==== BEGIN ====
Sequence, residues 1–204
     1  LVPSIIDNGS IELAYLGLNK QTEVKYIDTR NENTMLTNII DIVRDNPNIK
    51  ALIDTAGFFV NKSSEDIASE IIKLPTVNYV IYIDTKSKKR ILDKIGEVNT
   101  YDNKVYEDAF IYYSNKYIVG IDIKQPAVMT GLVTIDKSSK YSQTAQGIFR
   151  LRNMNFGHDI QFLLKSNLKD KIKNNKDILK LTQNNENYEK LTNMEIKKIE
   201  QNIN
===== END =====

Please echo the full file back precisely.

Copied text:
Sequence, residues 1–204
     1  LVPSIIDNGS IELAYLGLNK QTEVKYIDTR NENTMLTNII DIVRDNPNIK
    51  ALIDTAGFFV NKSSEDIASE IIKLPTVNYV IYIDTKSKKR ILDKIGEVNT
   101  YDNKVYEDAF IYYSNKYIVG IDIKQPAVMT GLVTIDKSSK YSQTAQGIFR
   151  LRNMNFGHDI QFLLKSNLKD KIKNNKDILK LTQNNENYEK LTNMEIKKIE
   201  QNIN